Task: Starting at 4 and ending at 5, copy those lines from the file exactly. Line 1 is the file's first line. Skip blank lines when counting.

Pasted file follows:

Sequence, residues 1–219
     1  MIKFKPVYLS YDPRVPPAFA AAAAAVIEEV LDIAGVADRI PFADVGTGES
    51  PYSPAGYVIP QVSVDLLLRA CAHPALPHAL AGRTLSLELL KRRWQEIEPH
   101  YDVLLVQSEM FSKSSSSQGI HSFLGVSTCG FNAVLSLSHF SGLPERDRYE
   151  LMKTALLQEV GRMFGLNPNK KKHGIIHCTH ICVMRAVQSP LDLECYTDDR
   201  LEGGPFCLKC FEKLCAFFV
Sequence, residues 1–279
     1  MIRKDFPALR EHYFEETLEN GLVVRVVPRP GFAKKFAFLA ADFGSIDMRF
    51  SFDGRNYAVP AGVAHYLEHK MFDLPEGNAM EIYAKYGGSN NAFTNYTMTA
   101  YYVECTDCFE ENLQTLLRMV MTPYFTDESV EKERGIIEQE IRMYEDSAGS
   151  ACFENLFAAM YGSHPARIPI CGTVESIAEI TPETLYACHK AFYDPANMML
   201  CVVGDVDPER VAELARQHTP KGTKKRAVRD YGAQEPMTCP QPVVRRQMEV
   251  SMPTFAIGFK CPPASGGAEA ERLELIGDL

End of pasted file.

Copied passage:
   101  YDVLLVQSEM FSKSSSSQGI HSFLGVSTCG FNAVLSLSHF SGLPERDRYE
   151  LMKTALLQEV GRMFGLNPNK KKHGIIHCTH ICVMRAVQSP LDLECYTDDR